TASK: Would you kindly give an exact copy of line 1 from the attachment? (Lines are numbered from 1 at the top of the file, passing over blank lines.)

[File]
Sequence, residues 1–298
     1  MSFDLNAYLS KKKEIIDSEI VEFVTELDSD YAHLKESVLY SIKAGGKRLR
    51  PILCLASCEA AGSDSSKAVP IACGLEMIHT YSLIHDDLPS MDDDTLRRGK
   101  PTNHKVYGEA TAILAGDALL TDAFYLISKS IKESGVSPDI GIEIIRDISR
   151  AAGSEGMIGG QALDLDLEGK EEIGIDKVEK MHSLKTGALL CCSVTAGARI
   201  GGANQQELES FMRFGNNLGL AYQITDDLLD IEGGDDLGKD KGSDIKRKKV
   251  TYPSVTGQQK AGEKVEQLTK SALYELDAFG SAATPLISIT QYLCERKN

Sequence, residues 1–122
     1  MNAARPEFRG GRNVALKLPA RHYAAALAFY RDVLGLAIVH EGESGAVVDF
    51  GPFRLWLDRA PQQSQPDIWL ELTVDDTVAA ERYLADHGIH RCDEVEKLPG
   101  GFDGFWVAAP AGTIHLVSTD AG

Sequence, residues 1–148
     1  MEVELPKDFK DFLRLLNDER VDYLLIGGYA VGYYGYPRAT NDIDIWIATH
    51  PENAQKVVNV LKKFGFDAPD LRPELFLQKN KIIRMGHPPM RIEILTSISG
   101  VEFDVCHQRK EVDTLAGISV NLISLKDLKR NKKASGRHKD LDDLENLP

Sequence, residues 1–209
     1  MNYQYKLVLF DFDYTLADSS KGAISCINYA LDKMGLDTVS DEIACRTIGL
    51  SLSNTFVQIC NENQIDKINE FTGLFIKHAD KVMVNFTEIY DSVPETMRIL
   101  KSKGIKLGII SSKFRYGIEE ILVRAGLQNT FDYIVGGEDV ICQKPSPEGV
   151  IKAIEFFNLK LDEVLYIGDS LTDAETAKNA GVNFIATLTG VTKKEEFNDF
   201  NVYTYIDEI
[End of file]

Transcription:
Sequence, residues 1–298